Num 15:39 You must have this tassel so that you may look at it and remember all the commandments of the LORD and obey them and so that you do not follow after your own heart and your own eyes that lead you to unfaithfulness.
Ecc 11:9 Rejoice, young man, while you are young, and let your heart cheer you in the days of your youth. Follow the impulses of your heart and the desires of your eyes, but know that God will judge your motives and actions.
1. With Proverbs
Pro 1:7 Fearing the LORD is the beginning of moral knowledge, but fools despise wisdom and instruction.
Ecc 7:16 So do not be excessively righteous or excessively wise; otherwise you might be disappointed.
Ecc 2:12-16 2:12 Next, I decided to consider wisdom, as well as foolish behavior and ideas. For what more can the king’s successor do than what the king has already done? 2:13 I realized that wisdom is preferable to folly, just as light is preferable to darkness: 2:14 The wise man can see where he is going, but the fool walks in darkness. Yet I also realized that the same fate happens to them both. 2:15 So I thought to myself, “The fate of the fool will happen even to me! Then what did I gain by becoming so excessively wise?” So I lamented to myself, “The benefits of wisdom are ultimately meaningless!” 2:16 For the wise man, like the fool, will not be remembered for very long, because in the days to come, both will already have been forgotten. Alas, the wise man dies – just like the fool!
1. With Itself
Ecc 2:2 I said of partying, “It is folly,” and of self-indulgent pleasure, “It accomplishes nothing!”
Ecc 7:3 Sorrow is better than laughter, because sober reflection is good for the heart.
Ecc 8:15 So I recommend the enjoyment of life, for there is nothing better on earth for a person to do except to eat, drink, and enjoy life. So joy will accompany him in his toil during the days of his life which God gives him on earth.
“The sages sought to store away the Book of Ecclesiastes, because they found words in it which tended to heresy.”
Jerome states “The Jews say that . . . this book seemed to fit to be consigned to oblivion, because it asserted the creatures of God to be vain, and preferred eating, drinking, and transitory pleasures to all things . . .” 2
Even though these concerns were held by many Jewish Rabbis, the book was still accepted as canonical, primarily due to the truth stated in the beginning and end of the book.
Reasons for Acceptance
1. The overwhelming majority of Jewish history acknowledges the canonicity of Ecclesiastes.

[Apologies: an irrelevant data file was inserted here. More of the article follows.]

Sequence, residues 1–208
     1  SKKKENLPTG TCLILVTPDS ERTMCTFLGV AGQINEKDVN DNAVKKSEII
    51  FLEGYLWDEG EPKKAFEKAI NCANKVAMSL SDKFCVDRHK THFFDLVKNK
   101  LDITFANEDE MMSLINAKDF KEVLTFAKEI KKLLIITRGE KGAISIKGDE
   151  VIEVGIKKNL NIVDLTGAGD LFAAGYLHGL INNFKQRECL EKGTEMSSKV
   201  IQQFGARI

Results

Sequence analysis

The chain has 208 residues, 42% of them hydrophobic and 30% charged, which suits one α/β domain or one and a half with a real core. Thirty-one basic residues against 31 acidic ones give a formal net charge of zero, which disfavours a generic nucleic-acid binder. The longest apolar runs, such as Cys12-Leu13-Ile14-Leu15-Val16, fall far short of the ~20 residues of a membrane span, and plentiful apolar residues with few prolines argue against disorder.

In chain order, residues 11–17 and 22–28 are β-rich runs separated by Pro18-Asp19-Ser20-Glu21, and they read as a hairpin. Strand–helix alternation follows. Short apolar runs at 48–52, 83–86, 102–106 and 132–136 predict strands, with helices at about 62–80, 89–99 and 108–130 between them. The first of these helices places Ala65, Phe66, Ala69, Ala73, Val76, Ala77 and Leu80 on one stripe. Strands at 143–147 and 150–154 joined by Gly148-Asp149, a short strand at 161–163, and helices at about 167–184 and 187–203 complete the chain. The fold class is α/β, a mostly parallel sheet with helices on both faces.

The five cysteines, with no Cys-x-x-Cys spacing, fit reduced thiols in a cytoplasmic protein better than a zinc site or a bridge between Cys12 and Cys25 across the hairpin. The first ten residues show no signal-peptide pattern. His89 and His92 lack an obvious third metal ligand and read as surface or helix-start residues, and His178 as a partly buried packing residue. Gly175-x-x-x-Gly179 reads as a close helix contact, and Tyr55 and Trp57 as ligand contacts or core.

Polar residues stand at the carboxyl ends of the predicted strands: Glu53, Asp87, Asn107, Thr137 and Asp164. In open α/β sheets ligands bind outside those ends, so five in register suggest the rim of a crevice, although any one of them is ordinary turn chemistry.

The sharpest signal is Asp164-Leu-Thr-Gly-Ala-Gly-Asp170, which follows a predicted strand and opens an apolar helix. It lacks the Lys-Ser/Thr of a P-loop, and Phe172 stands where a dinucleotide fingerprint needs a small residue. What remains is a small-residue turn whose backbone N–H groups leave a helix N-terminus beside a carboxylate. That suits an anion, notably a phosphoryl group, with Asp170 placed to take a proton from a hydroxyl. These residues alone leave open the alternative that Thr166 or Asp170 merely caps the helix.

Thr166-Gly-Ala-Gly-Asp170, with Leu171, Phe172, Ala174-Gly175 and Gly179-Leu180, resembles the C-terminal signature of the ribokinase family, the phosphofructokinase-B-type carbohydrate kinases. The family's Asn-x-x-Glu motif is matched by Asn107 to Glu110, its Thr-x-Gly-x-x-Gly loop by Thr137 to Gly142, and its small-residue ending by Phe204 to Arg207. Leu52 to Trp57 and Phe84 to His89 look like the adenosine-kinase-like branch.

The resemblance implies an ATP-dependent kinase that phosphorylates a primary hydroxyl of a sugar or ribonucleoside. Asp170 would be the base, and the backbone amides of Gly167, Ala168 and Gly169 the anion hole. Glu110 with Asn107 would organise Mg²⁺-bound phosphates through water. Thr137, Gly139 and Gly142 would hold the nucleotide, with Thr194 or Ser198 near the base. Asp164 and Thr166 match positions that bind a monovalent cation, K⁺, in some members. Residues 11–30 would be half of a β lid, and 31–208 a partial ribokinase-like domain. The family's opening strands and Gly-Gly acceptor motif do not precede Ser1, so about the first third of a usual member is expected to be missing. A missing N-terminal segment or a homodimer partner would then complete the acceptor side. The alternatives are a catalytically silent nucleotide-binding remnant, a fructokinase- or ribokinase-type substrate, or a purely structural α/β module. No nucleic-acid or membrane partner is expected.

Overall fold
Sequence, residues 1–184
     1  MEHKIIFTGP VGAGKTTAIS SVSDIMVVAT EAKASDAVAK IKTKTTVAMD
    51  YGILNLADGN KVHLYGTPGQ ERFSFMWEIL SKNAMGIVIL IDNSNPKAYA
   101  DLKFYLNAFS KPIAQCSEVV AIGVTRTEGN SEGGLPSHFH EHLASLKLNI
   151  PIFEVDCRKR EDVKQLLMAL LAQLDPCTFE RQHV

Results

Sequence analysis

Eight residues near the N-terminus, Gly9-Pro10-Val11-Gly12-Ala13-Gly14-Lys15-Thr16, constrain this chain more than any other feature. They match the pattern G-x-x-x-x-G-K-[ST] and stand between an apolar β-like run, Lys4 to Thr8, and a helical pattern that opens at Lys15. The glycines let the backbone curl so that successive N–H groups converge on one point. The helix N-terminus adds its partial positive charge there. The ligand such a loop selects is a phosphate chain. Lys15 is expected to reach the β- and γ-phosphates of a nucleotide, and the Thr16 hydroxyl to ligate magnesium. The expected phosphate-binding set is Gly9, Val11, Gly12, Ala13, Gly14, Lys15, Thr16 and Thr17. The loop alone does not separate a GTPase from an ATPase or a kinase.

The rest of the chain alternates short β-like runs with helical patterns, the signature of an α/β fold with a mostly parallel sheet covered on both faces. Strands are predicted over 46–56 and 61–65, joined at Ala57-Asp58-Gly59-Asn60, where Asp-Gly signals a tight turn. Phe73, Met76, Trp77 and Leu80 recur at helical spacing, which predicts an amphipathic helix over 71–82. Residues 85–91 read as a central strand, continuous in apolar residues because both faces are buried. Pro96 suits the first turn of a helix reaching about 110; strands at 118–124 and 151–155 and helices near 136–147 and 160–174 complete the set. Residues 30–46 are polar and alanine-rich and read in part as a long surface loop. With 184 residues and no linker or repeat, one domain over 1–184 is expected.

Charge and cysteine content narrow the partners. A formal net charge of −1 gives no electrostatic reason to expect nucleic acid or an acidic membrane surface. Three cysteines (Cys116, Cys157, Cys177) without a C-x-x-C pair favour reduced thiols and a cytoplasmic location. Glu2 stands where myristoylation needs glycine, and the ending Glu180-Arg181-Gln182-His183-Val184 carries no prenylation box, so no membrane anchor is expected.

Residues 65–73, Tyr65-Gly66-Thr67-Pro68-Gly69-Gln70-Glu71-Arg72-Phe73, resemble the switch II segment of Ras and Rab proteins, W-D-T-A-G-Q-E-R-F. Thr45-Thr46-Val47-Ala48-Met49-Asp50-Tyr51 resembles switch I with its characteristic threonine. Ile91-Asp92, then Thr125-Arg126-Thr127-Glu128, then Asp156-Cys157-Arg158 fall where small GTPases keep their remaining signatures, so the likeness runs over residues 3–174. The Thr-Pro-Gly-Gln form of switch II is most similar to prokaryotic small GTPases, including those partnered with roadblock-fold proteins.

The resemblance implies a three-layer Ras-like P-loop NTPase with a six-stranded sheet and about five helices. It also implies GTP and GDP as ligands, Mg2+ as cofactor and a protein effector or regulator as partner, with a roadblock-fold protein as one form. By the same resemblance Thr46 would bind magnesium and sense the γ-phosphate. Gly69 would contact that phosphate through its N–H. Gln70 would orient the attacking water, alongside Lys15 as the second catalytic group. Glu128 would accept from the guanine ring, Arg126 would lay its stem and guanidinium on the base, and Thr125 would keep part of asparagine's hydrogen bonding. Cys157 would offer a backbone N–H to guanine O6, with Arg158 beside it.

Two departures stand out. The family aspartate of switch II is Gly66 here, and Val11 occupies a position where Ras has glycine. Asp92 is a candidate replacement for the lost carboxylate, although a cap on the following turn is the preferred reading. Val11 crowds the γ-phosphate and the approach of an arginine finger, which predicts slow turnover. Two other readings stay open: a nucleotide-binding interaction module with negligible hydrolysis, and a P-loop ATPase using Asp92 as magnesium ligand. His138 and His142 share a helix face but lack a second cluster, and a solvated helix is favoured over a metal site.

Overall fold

2. It seems to be only a recent phenomenon to reject the canonicity of Ecclesiastes. While it is true that some Jewish authorities desired to reject it due to its seeming contradictions, those authorities were outweighed by the many who acknowledged its canonicity.
3. By the first century AD, Josephus implies (“contains hymns to God”) that Ecclesiastes is part of the inspired canon.
4. Fragments of Ecclesiastes were found at Qumran.
5. Many of the early church fathers call it canonical (Melito of Sardis, Epiphanium, Origen, Jerome)
6. Accepting Solomonic authorship allows one to easily accept canonicity due to the many other accepted canonical writings of Solomon (Proverbs, Song of Solomon).
7. Its continued preservation seems to strongly support its canonicity.
Many, naturally, want to look at Ecclesiastes as a linear writing. It does not appear to fall into that category. While it does have some structure, it more or less freely moves between many topics. While it is freely moving, it is moving into a specific conclusive direction.
Garrett3 offers a good outline of the book in the following . . .
1. Introduction (1:1-2)
2. On time and the World (1:3-11)
3. On Wisdom (1:12-18)
4. On Wealth (2:1-11)
5. On Wisdom (2:12-17)
6. On Wealth (2:18-26)
7. On Time and the World (3:1-15b)
8. On Politics (3:15c-17)
9. On Death (3:18-22)
10. On Politics (4:1-3)
11. On Wealth (4:4-8)
12. On Friendship (4:9-12)
13. On Politics (4:13-16)
14. On Religion (5:1-7)
15. On Politics (5:8-9)
16. On Wealth (5:10-6:6)
17. Transition (6:7-9)
18. On Wisdom and Death (6:10-7:4)
19. Transition (7:5-6)
20. On Wisdom and Politics (7:7-9)
21. Transition (7:10)
22. On Wisdom and Wealth (7:11-14)
23. On Wisdom and Religion (7:15-29)
24. Transition (8:1)
25. On Politics (8:2-6)
26. Transition (8:7-8)
27. On Theodicy (8:9-9:1)
28. Transition (9:2)
29. On Death and Contentment (9:3-10)
30. Transition (9:11-12)
31. On Politics (9:13-10:17)
32. Transition (10:18-20)
33. On Wealth (11:1-6)
34. On Death and Contentment (11:7-12:7)
35. Conclusion (12:8-14)
While other beneficial outlines are offered the outline above displays well the manner in which the book seems to have been written. While Solomon was working toward a conclusive point, he did so in a cyclical manner. Even though he wrote in such a manner, much of our study will be linear.
12:1 So remember your Creator in the days of your youth – before the difficult days come, and the years draw near when you will say, “I have no pleasure in them . . . 12:9 Not only was the Teacher wise, but he also taught knowledge to the people; he carefully evaluated and arranged many proverbs. 12:10 The Teacher sought to find delightful words, and to write accurately truthful sayings . . . 12:12 Be warned, my son . . . 12:13 Having heard everything, I have reached this conclusion: Fear God and keep his commandments, because this is the whole duty of man.
The wisdom that Solomon offers is most useful for the young. It appears that Solomon desired to teach young people these truths so that they could avoid the errors he made throughout his life.
While the hope is to offer wisdom to youth who have not already wasted their life away, the message is offered to the congregation. Any who might hear and heed ought to do so. “The Preacher sought to find delightful words and write them correctly.” As well the underlying truth of the book applies to every person.
1 Taken from Duane Guarett’s commentary on Ecclesiastes, pg. 256.
2 Both quotes are from Beckwith, The Old Testament Canon, p 287.
3 Outline taken from Duane Garrett’s commentary on Ecclesiastes, pg 269-270.